5. "It's not that bad."

A person enduring depression may long for her hurt to be recognized by her loved ones. It's counterintuitive, right? Friends who mean well might think that minimizing the experience of depression is a kindness. Unfortunately, the opposite is more often true. Denying a person's painful reality usually only compounds her pain and loneliness.

  • "It's just the weather." Let's assume this is true. Someone who's sensitive to changes in weather (who suffers from seasonal affective disorder) isn't bummed because she can't go to the beach. She is truly hurting.
  • "Well, at least . . . " A number of our readers listed variations of "Well, at least . . ." statements, which end with some fate the sufferer has somehow fortuitously dodged ("at least you have your health," "at least you have food to eat," and so on). In the interest of self-preservation, the hurting person likely stopped listening right after the dismissive "Well, at least . . ."
  • "You just need to get outside and exercise." The grain of truth, here, is that exercise can often help those who wrestle with depression, but exercise alone is usually not the solution to depression. Unfortunately, "just" statements can feel shaming to those who suffer.

6. "You're not really suffering."

Some may dismiss others' suffering entirely. Although these cool dismissals actually say more about the speaker than the person facing depression, they can still sting deeply.

  • "We don't have depression in our family." Would announcing "We don't have cancer in our family" make a patient's cancer diagnosis any more palatable? Most likely, we'd find the denial to be cruel—and that's just how a denial of depression rings in the ears of a person who's depressed.
  • "It's not that bad." Actually, it is. Enough said.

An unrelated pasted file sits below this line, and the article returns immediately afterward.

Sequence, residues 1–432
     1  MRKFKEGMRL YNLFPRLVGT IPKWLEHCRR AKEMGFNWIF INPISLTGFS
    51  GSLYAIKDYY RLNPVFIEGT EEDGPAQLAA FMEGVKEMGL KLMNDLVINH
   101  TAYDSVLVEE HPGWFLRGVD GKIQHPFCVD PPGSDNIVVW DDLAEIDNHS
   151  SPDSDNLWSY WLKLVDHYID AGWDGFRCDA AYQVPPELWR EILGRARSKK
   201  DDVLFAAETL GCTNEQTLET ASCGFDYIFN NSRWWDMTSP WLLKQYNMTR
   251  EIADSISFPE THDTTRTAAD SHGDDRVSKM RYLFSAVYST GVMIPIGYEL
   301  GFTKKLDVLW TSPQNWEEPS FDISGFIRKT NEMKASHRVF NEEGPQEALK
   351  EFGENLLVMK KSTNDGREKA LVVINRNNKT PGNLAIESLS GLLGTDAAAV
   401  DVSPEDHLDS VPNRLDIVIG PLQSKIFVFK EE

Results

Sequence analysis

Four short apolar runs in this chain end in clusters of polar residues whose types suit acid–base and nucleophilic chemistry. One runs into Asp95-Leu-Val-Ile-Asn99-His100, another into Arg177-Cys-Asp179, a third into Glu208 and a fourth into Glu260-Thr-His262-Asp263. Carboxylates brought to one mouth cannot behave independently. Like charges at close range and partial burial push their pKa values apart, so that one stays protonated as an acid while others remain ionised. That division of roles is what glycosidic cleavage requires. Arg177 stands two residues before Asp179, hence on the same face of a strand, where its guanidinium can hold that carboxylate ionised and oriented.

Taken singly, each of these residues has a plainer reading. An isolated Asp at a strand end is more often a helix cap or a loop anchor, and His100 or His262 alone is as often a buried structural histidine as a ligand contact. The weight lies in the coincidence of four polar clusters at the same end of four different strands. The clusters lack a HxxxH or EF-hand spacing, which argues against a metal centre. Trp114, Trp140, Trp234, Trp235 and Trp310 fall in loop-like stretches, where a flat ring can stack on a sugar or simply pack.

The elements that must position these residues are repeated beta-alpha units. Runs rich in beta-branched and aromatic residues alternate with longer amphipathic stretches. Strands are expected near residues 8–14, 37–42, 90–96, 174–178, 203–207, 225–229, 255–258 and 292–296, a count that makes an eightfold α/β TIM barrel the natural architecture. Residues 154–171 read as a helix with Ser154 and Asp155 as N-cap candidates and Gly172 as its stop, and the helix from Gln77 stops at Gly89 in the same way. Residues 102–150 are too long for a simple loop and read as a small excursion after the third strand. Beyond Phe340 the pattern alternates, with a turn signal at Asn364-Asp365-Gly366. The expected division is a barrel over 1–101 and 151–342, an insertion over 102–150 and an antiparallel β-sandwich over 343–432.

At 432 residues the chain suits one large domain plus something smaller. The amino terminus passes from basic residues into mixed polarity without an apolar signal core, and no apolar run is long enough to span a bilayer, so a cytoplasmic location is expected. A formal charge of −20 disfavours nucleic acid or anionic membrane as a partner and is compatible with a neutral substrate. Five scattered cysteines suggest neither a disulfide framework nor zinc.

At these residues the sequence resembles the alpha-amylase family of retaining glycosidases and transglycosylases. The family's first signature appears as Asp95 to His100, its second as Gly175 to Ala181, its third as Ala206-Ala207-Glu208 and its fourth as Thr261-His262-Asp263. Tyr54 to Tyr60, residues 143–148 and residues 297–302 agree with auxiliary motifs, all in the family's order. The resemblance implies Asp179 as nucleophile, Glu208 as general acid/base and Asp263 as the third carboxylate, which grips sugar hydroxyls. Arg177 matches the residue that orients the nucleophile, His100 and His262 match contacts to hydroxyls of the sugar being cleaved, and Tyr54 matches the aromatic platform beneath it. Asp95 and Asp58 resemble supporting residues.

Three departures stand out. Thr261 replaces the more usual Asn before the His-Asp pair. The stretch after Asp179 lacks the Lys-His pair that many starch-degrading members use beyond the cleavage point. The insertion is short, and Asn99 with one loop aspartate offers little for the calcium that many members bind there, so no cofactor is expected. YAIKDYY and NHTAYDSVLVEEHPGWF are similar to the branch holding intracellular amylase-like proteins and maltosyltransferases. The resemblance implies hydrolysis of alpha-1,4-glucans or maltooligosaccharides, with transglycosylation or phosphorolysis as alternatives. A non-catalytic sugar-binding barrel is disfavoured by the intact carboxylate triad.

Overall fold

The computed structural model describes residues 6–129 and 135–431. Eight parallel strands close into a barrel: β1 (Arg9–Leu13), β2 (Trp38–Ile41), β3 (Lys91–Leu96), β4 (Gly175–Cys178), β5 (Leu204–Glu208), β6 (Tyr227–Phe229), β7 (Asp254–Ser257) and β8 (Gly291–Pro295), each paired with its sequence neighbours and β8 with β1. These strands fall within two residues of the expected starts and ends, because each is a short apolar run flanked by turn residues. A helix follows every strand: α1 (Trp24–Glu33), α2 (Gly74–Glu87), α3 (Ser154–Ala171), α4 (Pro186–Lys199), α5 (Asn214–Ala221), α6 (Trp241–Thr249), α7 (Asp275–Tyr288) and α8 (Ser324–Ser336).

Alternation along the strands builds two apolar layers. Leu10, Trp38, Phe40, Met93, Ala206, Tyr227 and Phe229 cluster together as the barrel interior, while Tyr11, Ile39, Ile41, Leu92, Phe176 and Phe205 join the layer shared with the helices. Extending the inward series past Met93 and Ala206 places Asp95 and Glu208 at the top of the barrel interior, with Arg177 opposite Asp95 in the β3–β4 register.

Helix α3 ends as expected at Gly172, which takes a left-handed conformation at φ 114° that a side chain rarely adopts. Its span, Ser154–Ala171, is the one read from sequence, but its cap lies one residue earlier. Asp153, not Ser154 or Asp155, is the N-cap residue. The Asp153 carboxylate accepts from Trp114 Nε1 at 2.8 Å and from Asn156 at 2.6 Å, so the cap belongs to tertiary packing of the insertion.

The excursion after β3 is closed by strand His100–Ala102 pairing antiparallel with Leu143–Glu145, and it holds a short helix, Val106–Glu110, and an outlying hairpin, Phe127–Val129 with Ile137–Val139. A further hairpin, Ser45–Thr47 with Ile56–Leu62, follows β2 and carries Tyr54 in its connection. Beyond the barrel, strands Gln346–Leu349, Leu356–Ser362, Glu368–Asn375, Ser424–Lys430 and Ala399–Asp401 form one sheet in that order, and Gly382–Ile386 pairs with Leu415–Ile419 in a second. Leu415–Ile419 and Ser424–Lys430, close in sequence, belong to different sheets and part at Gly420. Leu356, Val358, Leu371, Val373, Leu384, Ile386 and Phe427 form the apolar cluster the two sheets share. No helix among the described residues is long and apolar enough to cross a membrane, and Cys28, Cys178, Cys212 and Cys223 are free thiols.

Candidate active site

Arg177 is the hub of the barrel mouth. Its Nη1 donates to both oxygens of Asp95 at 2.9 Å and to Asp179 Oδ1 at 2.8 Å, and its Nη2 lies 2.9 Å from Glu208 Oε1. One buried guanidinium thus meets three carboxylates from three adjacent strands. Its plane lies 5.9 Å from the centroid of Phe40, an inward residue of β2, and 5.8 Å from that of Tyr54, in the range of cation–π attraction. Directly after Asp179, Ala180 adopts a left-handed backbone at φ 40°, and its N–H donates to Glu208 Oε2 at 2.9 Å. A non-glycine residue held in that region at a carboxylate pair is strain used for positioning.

• "It's all in your head." Technically, whether situational or biochemical in nature, this is probably—at some level—true! But the clear and hurtful suggestion is that the person enduring depression has somehow concocted her own suffering!

7. "Let me tell you about my experience . . . "

While many who've endured depression know, from their own experience, how to respond to fellow sufferers, many others seem to have forgotten.

  • "I know just how you feel." While this commiseration may be well intentioned, you probably don't know just how another feels. This can actually leave someone feeling lonelier and less understood.
  • "My depression was much worse." Though you might genuinely intend to help, trying to "outdo" another's suffering only leaves her feeling more isolated and alone.
  • "You need to see my therapist." The suggestion is that you know exactly what will help the suffering person. Even if you happen to be right, a person may find difficulty generating hope that "the next thing" will be the magic bullet.

What you can say instead

Though there's no magic formula, people who suffer from depression long to be seen and heard and known and loved. Our readers who've endured the agony of depression have offered some of the words that have, at times, helped:

"I'm so sorry you're hurting."

"Can I sit with you?"

"Do you want to tell me how I can pray for something specific?"

"I love you."

"That really stinks. I'm sorry."

"You're not alone."

"I don't know what to say, but I want you to know I care."

"If you'd like, I'd love to take a walk with you sometime."

Or, of course, you can be quiet. You can listen. You can simply be there.

The truth is that our good intentions—our love—for a person who is suffering must be expressed not only in our words, but also in our demeanor, our listening, and our empathy. We speak a loud "I love you" when we are faithful to check in, to care, to contact a suffering friend rather than give up because it's hard work or because we don't understand. We can say so much more—speak so much more love—in our patience, kindness, and gentleness. And our self-control—our willingness to stop that word of advice or that "helpful" saying that's on the tip of our tongue—can communicate volumes.

Margot Starbuck is writer, speaker, TCW regular contributor, and author of several books, including her most recent, Not Who I Imagined: Surprised by a Loving God (Baker Books). Connect with her on Facebook, Twitter, or at MargotStarbuck.com.

Read more articles that highlight writing by Christian women at ChristianityToday.com/Women

Margot Starbuck

Margot Starbuck, award-winning writer and speaker, is a graduate of Westmont College and Princeton Theological Seminary. A TCW regular contributor and columnist, Margot speaks regularly on discipleship, justice, and living love in the world God loves. Connect with Margot on Facebook, Twitter, or at MargotStarbuck.com.

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Compassion; Depression; Friendship; Listening; Love; Patience; Understanding
Today's Christian Woman, May Week 2, 2014
Posted May 14, 2014